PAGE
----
In Europe, some hijabis have conquered fashion magazine covers in the last few years. For instance, Vogue France, the country with the strictest laws regarding the hijab, published Ugbad Abdi on its cover in August 2022. She is a Somali-American model who has worked for luxury brands like Louis Vuitton and Prada and who wears the veil and practices Islam. Similarly, Tasnim Ali, a young Italian-Egyptian influencer, was the first hijabito appear on a fashion magazine cover in Italy (Donna Moderna, May 2021). On her social network pages, she switches between her life, fashion, and religion, and usually answers people’s questions about Islam with humour. She has also published a book titled “VeLo spiego – un velo contro i pregiudizi”[1] in which she confronts people’s stereotypes about the hijab, Ramadan, and everyday life. Tasnim has also appeared in the pages of “Smemoranda”, the most famous and iconic school diary in Italy.

On the one hand, Ugbad Abdi and Tasnim Ali could be considered to represent consumer society. On the other, they can be seen as role models for all those Muslim teenagers who decide to wear the hijab. Adolescence can sometimes be a “weird” and difficult moment in life and having a “public and cool” icon who looks like you can help young people trying to survive in a society full of judgements and prejudices. Tasnim and Ugbad help teenage hijabis to feel more accepted by their peers and to think that “it’s possible to wear the veil and be fashionable”, and this can influence women and teenagers’ lives in a positive way. I remember one of my Muslim “sisters”, who is thirty years old, once telling me that she wishes she had had an example like Tasnim Ali or Ugbad Ali to follow when she was in high school.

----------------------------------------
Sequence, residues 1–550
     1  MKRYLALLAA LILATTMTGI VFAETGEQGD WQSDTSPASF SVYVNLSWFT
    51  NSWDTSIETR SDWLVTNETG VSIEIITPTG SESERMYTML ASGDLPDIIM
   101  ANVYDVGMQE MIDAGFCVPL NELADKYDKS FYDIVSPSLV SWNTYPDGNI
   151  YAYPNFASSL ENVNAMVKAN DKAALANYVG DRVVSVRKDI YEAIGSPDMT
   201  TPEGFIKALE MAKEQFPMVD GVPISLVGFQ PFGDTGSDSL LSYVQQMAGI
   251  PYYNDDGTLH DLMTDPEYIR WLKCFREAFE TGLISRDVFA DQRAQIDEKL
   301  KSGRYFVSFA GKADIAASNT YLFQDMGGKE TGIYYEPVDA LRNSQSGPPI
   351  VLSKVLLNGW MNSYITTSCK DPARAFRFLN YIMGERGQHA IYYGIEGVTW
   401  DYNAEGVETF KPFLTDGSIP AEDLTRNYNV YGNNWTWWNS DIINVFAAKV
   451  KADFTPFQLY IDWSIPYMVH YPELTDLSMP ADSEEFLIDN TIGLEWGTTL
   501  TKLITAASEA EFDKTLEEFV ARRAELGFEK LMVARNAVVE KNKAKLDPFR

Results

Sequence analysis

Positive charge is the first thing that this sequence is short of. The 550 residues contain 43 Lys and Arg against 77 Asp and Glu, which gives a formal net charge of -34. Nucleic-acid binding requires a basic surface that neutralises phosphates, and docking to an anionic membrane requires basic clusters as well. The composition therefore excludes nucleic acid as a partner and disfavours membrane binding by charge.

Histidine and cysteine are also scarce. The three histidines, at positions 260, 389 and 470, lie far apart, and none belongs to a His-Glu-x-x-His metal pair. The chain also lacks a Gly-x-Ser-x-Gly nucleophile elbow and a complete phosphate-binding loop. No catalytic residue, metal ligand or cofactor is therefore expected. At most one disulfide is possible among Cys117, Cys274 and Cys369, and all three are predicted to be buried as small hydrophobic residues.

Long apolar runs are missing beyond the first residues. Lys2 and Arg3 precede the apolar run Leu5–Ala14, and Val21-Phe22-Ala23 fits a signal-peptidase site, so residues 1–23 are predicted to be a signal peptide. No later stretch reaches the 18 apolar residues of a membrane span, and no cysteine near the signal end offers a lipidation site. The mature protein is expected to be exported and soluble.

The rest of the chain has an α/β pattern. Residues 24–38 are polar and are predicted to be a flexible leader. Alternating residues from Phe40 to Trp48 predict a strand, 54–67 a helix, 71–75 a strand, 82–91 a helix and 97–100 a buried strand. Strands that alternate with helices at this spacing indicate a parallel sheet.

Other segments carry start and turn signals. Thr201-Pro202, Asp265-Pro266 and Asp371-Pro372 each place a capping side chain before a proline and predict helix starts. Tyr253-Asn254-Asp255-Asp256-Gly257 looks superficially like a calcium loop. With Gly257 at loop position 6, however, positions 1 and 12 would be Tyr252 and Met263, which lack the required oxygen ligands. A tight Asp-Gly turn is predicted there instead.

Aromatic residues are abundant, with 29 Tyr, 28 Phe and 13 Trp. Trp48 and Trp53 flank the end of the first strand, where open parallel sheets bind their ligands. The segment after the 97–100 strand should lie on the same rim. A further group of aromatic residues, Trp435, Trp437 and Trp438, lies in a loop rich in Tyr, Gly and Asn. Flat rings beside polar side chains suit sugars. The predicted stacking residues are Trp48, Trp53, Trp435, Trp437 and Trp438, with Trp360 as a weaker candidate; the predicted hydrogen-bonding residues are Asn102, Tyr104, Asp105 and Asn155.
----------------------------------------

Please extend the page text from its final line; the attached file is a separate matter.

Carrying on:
Fashion is often considered to be unimportant because it is (usually) not linked to activism. However, in its own way, fashion can help people to fight stereotypes. When a magazine like Vogue decides to publish a young and beautiful woman proudly wearing the hijab, looking into the camera while hugging a naked woman, it is a revolutionary sign. All the more so in France, the most secular country in Europe, where politicians use “secularism” to promote Islamophobia. It can be considered a sign of “openness” in the world of fashion, and this photograph can also suggest a feeling of “sisterhood”.

We can conclude that social networks are indeed influencing fashion and vice versa, and that some hijabi influencers are fighting Islamophobia and racism with the inclusive attitude of new trends and their desire to be positive examples to new generations. This makes it possible to think that one day, no woman will be judged if she decides to wear or not to wear the hijab and to be proud of her own religion.

[1] This translation is tricky, literally meaning “I explain it (lo) to you (ve) – a veil against prejudices” but in Italian “velo” also means veil.

Eleonora Pede just submitted her PhD titled “Mā bayna, Interreligious dialogue in Europe. Faith and homosexuality: utopias and realities” at the Faculty of Theology of Lugano (Università della Svizzera Italiana) with a joint programme with La Cattolica University. She is a KAICIID fellow. Her areas of research are gender studies and European Islam.

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As an academic studying religious pluralism, I experienced a very warm and welcoming environment in the DialoguePerspectives programme. I learned a great deal from open-minded people from so many diverse backgrounds. DialoguePerspectives is truly pluralism in practice!

Fatima, DialoguePerspectives participant